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Several states introducing legislation to criminalize protests
A rally against Donald Trump stretches a few blocks along Central Park West in New York, Monday, Feb. 20, 2017. People unhappy with President Donald Trump's policies are attending a "Not My Presidents Day" rally near a Trump hotel. (AP Photo/Seth Wenig)

Several states introducing legislation to criminalize protests

In the wake of almost monthly protests across the nation, GOP lawmakers from several states have passed or drafted bills that would criminalize or penalize what one state is calling "professional" agitating.

According to a report from The Hill, some states like North Dakota, South Dakota and Tennessee have either already passed bills that would allow them to "stiffen penalties against protests," or have gotten bills through the first set of hurdles in their state Senate. Other states, such as Arizona and Minnesota have either introduced legislation or have made anti-protest bills a priority for the legislative agenda the coming year.

The Hill reports:

The wave of bills come after high-profile protests including the Occupy movement, Black Lives Matter, and the Women's March on Washington, which took place the day after Trump’s inauguration.

The women’s march drew more than 3 million participants in cities across the nation.

The North Dakota effort grew out of the protests surrounding the Dakota Access pipeline, where activists had taken up residence in the District of Cannon Ball, North Dakota. They spent months voicing opposition to a 1,000-mile underground oil pipeline that some native groups and protestors feel poses an environmental threat. A group organized on the Standing Rock Indian Reservation successfully sued for an injunction to halt construction, and a protest at the site during that process garnered worldwide attention. In January, the local Sioux tribe issued a statement asking the protesters to vacate.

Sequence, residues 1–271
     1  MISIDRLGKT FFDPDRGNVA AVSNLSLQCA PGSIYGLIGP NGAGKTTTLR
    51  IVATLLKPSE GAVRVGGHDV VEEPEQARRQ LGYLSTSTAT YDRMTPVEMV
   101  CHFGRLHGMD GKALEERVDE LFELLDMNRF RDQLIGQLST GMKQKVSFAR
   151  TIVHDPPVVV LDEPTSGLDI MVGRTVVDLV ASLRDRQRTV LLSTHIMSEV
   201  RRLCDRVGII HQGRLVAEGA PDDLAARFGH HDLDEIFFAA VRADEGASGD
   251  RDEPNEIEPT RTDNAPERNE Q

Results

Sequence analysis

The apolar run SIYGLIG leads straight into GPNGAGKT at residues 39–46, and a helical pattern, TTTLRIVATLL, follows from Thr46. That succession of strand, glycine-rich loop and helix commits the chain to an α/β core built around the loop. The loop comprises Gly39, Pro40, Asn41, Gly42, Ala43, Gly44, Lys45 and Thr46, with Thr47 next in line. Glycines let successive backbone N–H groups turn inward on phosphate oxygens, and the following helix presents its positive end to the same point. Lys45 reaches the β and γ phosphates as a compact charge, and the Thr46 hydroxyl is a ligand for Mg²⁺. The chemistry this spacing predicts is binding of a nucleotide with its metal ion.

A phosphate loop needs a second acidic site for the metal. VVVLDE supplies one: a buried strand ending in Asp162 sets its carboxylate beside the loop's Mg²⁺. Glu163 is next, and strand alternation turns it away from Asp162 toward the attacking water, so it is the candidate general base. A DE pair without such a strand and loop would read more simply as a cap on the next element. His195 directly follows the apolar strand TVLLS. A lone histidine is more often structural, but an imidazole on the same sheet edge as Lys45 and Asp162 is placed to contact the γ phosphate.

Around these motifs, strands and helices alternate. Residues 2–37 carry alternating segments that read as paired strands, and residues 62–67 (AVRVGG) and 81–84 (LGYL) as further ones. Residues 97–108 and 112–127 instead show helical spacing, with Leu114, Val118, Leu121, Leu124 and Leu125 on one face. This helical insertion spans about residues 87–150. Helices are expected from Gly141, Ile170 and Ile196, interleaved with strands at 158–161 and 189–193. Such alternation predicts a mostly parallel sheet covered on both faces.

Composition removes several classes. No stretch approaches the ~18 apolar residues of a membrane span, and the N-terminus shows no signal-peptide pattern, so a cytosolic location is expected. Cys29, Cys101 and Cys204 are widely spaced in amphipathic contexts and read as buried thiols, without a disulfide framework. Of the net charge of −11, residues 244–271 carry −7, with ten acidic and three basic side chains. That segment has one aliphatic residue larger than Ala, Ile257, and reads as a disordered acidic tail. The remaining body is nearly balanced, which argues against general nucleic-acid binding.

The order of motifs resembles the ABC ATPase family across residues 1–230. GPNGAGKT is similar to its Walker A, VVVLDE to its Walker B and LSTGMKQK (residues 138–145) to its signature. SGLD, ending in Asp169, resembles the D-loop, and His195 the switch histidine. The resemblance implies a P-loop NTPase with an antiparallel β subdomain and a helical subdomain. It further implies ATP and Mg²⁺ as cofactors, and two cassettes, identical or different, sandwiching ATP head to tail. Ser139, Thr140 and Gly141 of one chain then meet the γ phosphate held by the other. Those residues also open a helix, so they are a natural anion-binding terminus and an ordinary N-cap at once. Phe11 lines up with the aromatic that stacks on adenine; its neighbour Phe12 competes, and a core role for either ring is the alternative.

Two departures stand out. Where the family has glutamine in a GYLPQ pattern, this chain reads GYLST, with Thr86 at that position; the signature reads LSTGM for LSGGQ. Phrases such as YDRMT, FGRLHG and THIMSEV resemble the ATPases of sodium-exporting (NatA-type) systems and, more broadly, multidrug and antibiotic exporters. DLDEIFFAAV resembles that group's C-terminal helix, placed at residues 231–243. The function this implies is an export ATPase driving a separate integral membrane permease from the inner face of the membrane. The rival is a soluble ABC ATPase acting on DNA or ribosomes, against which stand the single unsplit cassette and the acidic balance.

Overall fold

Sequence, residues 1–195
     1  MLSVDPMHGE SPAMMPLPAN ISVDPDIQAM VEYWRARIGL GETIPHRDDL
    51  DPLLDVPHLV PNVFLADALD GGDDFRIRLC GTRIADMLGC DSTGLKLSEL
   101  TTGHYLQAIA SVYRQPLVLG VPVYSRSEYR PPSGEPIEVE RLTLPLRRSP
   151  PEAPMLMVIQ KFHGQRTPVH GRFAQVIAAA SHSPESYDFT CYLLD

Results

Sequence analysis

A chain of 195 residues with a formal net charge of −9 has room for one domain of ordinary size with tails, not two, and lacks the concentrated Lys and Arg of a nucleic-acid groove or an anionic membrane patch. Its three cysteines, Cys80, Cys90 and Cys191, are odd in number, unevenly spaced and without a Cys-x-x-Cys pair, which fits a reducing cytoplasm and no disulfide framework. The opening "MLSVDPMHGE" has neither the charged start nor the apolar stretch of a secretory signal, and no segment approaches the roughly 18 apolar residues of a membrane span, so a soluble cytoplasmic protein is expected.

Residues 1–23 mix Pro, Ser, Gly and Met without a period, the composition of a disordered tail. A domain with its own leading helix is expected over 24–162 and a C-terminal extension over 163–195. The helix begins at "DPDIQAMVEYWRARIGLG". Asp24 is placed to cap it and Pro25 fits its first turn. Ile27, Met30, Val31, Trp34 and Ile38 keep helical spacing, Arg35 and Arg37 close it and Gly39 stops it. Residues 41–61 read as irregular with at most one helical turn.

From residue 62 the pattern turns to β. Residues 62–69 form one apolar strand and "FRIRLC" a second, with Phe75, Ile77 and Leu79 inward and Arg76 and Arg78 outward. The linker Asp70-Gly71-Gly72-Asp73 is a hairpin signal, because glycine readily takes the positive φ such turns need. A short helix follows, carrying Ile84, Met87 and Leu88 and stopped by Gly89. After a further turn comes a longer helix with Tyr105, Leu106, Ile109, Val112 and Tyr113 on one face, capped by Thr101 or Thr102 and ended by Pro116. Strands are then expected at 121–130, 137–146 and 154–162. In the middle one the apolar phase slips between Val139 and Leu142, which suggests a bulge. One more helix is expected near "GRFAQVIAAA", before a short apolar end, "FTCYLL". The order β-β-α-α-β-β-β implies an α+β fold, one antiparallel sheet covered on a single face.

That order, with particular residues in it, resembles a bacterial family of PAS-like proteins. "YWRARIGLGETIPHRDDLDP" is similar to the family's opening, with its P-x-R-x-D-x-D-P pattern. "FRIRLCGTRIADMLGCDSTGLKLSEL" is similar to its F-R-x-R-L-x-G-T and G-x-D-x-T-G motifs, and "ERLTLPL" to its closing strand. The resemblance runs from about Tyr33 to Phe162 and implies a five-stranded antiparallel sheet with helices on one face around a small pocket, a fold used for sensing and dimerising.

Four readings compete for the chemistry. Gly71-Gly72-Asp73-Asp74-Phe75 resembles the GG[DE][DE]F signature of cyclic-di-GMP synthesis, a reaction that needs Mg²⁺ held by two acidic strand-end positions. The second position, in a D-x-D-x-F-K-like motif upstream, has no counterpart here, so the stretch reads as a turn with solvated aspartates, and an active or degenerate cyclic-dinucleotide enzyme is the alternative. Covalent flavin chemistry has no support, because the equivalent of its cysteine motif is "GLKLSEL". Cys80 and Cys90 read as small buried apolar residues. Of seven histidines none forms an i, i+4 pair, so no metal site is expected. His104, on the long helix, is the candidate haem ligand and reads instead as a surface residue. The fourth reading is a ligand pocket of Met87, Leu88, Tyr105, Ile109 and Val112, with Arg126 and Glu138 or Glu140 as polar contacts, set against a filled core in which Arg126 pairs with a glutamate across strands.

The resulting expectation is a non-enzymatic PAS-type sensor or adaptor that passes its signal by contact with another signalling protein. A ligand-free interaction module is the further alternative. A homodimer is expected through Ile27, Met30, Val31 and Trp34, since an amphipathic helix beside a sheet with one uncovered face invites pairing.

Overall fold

The four new laws signed Thursday by North Dakota Gov. Doug Burgum (R) were passed under emergency provisions that allow them to take effect immediately. The new measures "increase sanctions for offenses related to riots and broaden the definition of trespassing, allowing law enforcement officers to issue citations and fines," according to The Hill.

Similar laws being considered in other states include:

  • South Dakota state senators on Thursday passed a bill that gives the governor the power to create a "safety zone" in emergency situations, with fines as punishment for violations.
  • Minnesota lawmakers plan to make resolutions punishing protestors who block access to highways a top priority this legislative session.
  • Arizona Republicans are trying to expand racketeering laws that would give authorities more latitude to arrest and seize assets of those who organize protest events.
  • Tennessee introduced a measure, sponsored by state Rep. Matthew Hill (R), that gives give civil immunity to a driver who hits a protester blocking traffic after a car hit volunteers helping protesters cross a street in Nashville as they demonstrated against President Donald Trump's travel ban executive order.

According to The Hill, civil libertarians are worried the measures are unconstitutional overreactions and a violation of the right to assemble.

“Robust protest activity is a sign of the health of our republic. Our democracy is literally designed for citizens to get out in the streets and make their voices heard to their legislators,” said Lee Rowland, a senior attorney with the ACLU’s Speech, Privacy and Technology Project.

On Tuesday, Trump said on Twitter that protesters at Republican town halls were "liberal plants."

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